The escalating attack of the Birds of Prey brings them down to the costly half in Phoenix

PHOENIX – The Raptors’ offense should have been the thing that has sunk them this season.

There isn’t a lot of natural flow to it because there aren’t a lot of trigger-happy decision makers around. All five members of the regular starting line-up love to dribble and sweep. While Fred VanVleet, Pascal Siakam, and Scottie Barnes are all gifted passers, none of them are natural conductors in such a way that they get the ball flying around the ground.

This was true through most of the first half of the season. The Raptors’ offensive rating was hovering around average, hit only by the strength of frequent transfers and second chance chances.

Who would have thought, then, that the Raptors would define their offense before their defense? The latter was supposed to be their calling card, and it wasn’t. Despite this, the crime has been committed.

The one constant in the Raptors offense, good and bad, is that it features few turnovers. It’s a byproduct of the birds of prey playing too much in isolation. That went a long way on Monday, as the Suns upset the Raptors in the paint consistently, resulting in a 114-106 loss. The Suns shut down the Raptors in the first half, playing a long length, and the Raptors had trouble getting into their sets. Combine that with very few rushing jumpers, the first time this happened in a while, and a rough time and it was a rough outing for an offense that was thriving.

Heading into Monday night’s game, according to Cleaning the Glass, the team has its seventh half-court offense since the Jan. 6, game after a brick-throwing contest against the Bucks. Since then, VanVleet and Gary Trent Jr. and OG Anunoby and Chris Boucher shoot better than 39 percent of the 3. They had all been well below that limit before then. Vanfleet and Barnes had more possession of the ball; VanVleet leads with 7.2 assists per game, and Barnes trails Siakam (six per game) with 5.7.

For the season, the Raptors are up to No. 11 in the offensive rankings heading into Monday’s game.

Anecdotally, Vanfleet and Barnes have had the ball in their hands too often in the past month. VanVleet’s drag threes no longer feel like trials. Barnes has at least one or two assists per game Stop in place. His vision was unleashed. Van Fleet and Barnes Chemistry in the actions of two menespecially with Barnes as a movie, was excellent.

“The problem that kept the offense behind, first and foremost, was shooting,” Raptors coach Nick Nurse said before the game. This is definitely an improvement, and a lot of that is directly related to health. It’s just. There wasn’t much we could do about it – we were making great shots (for) our best shooters, and they just couldn’t make them. But they can now. …get better at that. The improvement is in our other positive offensive properties of stopping, sorting, passing, and cutting. We get more chop baskets, too.”

Aesthetically, things look much better. Unfortunately, because of the way they started, they go beyond taking anything from a good process that doesn’t yield results. They don’t have time for that.

“It is not time for us to try for moral victories,” VanVleet said. “We need real victories.”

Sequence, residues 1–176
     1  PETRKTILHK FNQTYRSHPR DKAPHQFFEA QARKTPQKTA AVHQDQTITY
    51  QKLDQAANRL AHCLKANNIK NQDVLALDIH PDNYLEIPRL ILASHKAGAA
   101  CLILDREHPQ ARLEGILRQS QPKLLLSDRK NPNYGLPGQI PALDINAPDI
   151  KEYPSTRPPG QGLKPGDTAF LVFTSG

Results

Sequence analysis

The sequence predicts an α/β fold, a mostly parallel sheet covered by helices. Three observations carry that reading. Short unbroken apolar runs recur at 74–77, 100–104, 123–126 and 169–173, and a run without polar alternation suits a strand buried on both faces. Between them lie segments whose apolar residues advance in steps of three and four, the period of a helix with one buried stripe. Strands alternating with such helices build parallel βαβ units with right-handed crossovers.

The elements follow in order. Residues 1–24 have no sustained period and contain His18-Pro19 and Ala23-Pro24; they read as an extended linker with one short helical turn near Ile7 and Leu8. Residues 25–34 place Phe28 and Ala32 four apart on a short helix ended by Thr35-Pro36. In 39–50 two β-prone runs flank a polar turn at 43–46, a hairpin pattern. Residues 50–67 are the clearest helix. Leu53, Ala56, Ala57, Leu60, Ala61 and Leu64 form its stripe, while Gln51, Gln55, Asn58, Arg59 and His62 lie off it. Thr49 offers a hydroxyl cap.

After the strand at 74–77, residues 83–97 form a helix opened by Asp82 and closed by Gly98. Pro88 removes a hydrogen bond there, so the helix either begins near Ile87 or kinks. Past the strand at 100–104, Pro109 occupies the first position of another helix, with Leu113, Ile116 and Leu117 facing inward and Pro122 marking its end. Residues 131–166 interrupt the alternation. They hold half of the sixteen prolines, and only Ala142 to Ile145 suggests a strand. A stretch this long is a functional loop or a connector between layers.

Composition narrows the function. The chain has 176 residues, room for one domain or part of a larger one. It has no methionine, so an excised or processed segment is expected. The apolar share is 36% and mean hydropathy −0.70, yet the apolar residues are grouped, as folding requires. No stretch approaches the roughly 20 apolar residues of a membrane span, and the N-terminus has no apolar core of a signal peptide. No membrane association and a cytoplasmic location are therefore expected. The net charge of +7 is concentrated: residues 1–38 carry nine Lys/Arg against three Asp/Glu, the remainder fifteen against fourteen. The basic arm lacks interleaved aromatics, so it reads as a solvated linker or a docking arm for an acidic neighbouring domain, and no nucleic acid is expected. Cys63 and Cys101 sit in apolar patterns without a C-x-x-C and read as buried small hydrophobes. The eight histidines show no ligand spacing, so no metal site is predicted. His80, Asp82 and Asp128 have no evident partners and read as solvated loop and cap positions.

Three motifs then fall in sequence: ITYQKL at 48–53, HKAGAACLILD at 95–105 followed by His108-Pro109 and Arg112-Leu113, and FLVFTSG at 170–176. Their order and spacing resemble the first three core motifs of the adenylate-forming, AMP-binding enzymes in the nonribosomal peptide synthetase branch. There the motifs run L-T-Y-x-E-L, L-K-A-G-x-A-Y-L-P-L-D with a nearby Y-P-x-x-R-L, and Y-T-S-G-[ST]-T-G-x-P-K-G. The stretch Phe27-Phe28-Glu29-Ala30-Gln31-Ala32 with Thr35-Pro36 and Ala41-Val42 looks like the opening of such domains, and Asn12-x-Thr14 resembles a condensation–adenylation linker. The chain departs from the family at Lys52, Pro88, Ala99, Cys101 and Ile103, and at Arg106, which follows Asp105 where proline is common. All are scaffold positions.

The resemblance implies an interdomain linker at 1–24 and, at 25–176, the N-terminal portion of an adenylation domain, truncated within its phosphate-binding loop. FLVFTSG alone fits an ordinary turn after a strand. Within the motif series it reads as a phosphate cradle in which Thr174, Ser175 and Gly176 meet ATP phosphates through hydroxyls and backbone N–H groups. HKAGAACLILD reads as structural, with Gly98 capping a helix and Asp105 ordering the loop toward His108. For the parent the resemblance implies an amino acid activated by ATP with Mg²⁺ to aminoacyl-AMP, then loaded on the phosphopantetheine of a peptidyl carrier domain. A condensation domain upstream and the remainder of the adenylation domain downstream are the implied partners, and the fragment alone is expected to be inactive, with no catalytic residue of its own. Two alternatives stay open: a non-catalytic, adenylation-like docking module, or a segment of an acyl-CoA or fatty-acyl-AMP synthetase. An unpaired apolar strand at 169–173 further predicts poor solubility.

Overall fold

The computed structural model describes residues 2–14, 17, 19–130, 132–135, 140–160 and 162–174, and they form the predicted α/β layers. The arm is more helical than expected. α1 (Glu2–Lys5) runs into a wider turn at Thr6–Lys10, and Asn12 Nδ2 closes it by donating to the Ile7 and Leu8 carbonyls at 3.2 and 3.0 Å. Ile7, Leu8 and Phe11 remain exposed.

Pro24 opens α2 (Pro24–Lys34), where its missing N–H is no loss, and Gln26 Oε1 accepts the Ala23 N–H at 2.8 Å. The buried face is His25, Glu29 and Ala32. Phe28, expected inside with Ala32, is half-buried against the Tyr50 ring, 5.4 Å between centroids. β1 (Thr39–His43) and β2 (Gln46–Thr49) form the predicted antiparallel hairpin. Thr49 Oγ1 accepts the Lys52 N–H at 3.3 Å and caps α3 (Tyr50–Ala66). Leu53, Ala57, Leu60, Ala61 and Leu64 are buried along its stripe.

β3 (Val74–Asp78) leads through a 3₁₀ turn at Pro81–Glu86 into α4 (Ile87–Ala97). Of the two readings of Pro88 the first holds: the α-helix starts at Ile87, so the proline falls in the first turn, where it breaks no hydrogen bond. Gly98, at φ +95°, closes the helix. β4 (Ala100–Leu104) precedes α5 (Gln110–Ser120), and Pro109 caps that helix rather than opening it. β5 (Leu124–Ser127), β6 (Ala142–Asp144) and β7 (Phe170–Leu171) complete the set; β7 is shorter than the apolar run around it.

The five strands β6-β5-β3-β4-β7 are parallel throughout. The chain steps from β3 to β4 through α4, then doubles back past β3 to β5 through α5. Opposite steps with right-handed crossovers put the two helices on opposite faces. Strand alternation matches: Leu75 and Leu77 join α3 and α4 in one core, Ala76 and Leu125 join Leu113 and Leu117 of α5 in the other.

β€’ The Raptors announced that Anunobi will miss at least the rest of the trip due to a sprained left wrist. This means that in addition to the game in Phoenix, he will miss games in Utah, Houston and Memphis.

The team did not say whether additional imaging revealed damage beyond what the Raptors coaching staff initially believed. An X-ray of his wrist on Friday, when Anunobi was injured against the Warriors, was negative. Anunobi will be examined further by medical staff when the Raptors return to Toronto, a team spokesperson said. Of course, the trade deadline looms, with only one more game β€” Wednesday at home against San Antonio β€” between the end of the trip and the big day.

“We still have a long way to go,” said the nurse before the game. β€œIt’s not like this journey ends around the corner. So it kind of surprises me a bit. We know what we have now from this journey.”

β€’ The Raptors put Barnes in place of VanVleet over Chris Paul when possible, presumably so they can swap more comfortably with Deandre Ayton. It was a good idea Barnes succeeded in Ayton’s attempt After switching with Precious Achiuwa. Barnes also did a great read of the ball. With VanVleet having to switch to Ayton, Barnes knew Paul’s pass would go to the big man, and Rush to steal.

β€’ Monday’s sign that Siakam is tired: You can choose between him and not finishing layup through contact In transition and don’t control the jump ball with the suns brick house (though brick house with long arms) ish wainwright. He handled his first unassisted game since May 1, 2021 before Score him only one in the fourth quarter.

β€’ Uchiwa torture chamber? Uchiwa torture chamber! Still my heart.

β€’ Not the inside lane you want: With seven-tenths of a second left, VanVleet passed it to Achiuwa, who had his hands on his knees, in the corner. That was a shot clock violation, folks.

β€’ If none of the coaches call a time-out, there will be an official time-out for the officials at the first whistle after the seven and three-minute marks. What happens if there is no whistle (and no time called) after the three-minute point, though? Well, we were 15.2 seconds away from figuring that out before Boucher wrecked it by getting an offensive rebound, and then made a mistake in traffic. So close!

(Photo by Fred VanVleet: Joe Camporiale/USA Today)


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